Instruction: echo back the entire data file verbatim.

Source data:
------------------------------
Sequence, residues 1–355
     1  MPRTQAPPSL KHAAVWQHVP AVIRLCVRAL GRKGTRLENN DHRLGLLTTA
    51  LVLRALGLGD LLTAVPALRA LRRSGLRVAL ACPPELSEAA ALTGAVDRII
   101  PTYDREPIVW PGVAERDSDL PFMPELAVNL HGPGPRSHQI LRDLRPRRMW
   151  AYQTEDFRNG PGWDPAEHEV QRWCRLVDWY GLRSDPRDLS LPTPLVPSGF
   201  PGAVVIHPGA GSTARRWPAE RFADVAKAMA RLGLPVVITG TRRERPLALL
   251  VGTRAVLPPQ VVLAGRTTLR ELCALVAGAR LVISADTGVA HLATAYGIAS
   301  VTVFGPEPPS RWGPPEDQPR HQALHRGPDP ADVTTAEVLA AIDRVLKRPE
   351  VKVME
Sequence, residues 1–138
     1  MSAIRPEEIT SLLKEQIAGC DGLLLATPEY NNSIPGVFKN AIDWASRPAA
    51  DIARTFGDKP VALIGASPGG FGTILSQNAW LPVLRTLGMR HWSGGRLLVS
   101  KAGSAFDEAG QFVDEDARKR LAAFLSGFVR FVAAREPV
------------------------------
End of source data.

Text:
Sequence, residues 1–355
     1  MPRTQAPPSL KHAAVWQHVP AVIRLCVRAL GRKGTRLENN DHRLGLLTTA
    51  LVLRALGLGD LLTAVPALRA LRRSGLRVAL ACPPELSEAA ALTGAVDRII
   101  PTYDREPIVW PGVAERDSDL PFMPELAVNL HGPGPRSHQI LRDLRPRRMW
   151  AYQTEDFRNG PGWDPAEHEV QRWCRLVDWY GLRSDPRDLS LPTPLVPSGF
   201  PGAVVIHPGA GSTARRWPAE RFADVAKAMA RLGLPVVITG TRRERPLALL
   251  VGTRAVLPPQ VVLAGRTTLR ELCALVAGAR LVISADTGVA HLATAYGIAS
   301  VTVFGPEPPS RWGPPEDQPR HQALHRGPDP ADVTTAEVLA AIDRVLKRPE
   351  VKVME
Sequence, residues 1–138
     1  MSAIRPEEIT SLLKEQIAGC DGLLLATPEY NNSIPGVFKN AIDWASRPAA
    51  DIARTFGDKP VALIGASPGG FGTILSQNAW LPVLRTLGMR HWSGGRLLVS
   101  KAGSAFDEAG QFVDEDARKR LAAFLSGFVR FVAAREPV